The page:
Date of Award

Spring 2015

Degree Type


Committee Chair

Julie Hart

First Advisor

Terry Spear

Second Advisor

Abhishek Choudhury


Exposure to diesel particulate matter from diesel exhaust has been shown to have adverse health effects in humans. In 2012 The International Agency for Research on Cancer classified diesel exhaust as a group 1 know human carcinogen. Because of the associated health effects, there has been a strong push to reduce the amount of diesel exhaust present in the mining industry. Biodiesel is one to the more common and promising control options used to reduce the amount of diesel particulate matter that is generated during fuel combustion. The use of biodiesel over petroleum diesel has been shown to reduce not only particulate matter, but hydro carbon and carbon monoxide mass emissions as well.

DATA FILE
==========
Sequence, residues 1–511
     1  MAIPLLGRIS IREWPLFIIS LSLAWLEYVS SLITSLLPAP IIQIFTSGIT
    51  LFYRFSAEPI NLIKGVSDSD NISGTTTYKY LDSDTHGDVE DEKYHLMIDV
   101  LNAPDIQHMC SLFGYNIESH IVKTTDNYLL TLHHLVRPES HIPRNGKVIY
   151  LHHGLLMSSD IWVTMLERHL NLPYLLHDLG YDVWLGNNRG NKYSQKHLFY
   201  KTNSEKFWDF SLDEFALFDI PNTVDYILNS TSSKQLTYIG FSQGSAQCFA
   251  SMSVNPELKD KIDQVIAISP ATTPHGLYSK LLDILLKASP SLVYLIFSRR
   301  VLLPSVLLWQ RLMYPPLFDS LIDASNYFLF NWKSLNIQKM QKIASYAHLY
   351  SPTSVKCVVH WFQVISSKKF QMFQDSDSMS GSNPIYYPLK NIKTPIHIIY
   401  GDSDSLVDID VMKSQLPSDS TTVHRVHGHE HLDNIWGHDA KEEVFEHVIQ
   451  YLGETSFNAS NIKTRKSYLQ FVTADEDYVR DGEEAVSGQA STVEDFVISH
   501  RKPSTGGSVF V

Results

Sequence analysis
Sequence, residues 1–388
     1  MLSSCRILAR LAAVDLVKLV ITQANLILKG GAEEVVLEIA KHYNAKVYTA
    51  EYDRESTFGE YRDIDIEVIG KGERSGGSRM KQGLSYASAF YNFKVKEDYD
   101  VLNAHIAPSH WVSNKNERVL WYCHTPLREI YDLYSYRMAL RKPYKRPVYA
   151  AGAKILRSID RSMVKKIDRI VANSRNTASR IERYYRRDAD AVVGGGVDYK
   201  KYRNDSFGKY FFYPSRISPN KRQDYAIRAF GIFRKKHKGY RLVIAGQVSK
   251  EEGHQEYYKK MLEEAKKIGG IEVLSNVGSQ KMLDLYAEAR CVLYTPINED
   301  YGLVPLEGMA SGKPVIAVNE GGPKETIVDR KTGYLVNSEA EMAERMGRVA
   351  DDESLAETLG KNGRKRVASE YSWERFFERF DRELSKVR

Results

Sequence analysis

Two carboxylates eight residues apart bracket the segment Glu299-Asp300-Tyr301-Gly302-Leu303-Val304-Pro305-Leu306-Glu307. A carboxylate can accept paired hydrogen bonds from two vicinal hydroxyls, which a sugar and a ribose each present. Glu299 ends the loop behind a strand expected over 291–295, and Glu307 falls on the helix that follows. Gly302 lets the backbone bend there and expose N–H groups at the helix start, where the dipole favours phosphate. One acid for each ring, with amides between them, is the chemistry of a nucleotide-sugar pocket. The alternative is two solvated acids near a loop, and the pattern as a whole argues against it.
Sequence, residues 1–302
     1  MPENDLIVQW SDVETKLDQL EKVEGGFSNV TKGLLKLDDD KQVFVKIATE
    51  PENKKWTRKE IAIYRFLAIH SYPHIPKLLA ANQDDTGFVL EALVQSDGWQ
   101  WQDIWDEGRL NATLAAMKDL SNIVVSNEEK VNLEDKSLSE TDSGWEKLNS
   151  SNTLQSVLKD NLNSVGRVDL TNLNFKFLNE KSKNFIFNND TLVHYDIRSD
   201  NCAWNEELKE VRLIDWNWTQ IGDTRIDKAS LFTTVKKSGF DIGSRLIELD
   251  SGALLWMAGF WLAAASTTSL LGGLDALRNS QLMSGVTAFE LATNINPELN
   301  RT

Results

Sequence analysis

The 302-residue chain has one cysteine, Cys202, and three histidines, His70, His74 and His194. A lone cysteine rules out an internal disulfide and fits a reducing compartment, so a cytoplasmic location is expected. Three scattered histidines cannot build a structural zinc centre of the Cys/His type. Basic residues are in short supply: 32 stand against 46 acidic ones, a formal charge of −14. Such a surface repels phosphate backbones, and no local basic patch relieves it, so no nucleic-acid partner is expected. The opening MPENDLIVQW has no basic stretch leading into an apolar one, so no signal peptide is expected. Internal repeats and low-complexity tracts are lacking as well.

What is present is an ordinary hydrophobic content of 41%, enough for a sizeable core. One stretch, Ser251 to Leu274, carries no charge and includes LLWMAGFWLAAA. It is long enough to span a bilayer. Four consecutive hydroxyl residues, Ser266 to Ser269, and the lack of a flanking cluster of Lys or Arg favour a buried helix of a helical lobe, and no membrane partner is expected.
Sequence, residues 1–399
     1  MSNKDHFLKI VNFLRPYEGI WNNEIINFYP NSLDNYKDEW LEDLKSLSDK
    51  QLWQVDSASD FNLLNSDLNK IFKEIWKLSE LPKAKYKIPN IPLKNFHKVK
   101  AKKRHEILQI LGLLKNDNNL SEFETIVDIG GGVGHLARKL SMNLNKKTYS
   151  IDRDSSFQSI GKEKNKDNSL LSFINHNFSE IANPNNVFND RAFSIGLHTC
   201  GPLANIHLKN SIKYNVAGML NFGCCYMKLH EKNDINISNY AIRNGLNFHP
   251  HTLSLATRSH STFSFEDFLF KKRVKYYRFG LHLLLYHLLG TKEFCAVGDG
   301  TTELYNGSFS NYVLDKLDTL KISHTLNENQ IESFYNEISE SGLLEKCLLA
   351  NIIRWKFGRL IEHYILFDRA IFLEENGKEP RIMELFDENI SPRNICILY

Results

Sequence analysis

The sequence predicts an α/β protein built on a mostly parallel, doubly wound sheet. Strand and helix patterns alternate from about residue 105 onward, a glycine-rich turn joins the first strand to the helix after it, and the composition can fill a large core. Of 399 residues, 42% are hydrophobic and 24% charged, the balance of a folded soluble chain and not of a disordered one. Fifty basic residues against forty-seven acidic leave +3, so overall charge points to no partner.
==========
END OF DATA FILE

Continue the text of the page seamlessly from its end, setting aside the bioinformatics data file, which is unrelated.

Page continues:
Personal and area samples were collected at an underground metal mine in the northwestern United States to evaluate the current blend of B70 biodiesel. The objective of this research was to evaluate the carbon levels associated with diesel particulate matter generated from the combustion of a B70 biodiesel. Data was also compared to past studies on which diesel particulate matter from petroleum diesel was evaluated.

Samples were taken on four separate four day campaigns between March and October of 2014. Area samples were taken from 7 different areas in the mine and personal samples were taken from a 20 person cohort. The equipment used for sampling was compliant with the NIOSH 5040 method. Statistical analysis of the results was done using Minitab 17 software. The statistical analysis showed that the total carbon concentrations from biodiesel were well below the MSHA exposure limit. Results also showed that organic/elemental carbon ratios were consistent with past studies as the concentrations of organic carbon were significantly higher than those of elemental carbon.


A thesis submitted in partial fulfillment of the requirements for the degree of Master of Science in Industrial Hygiene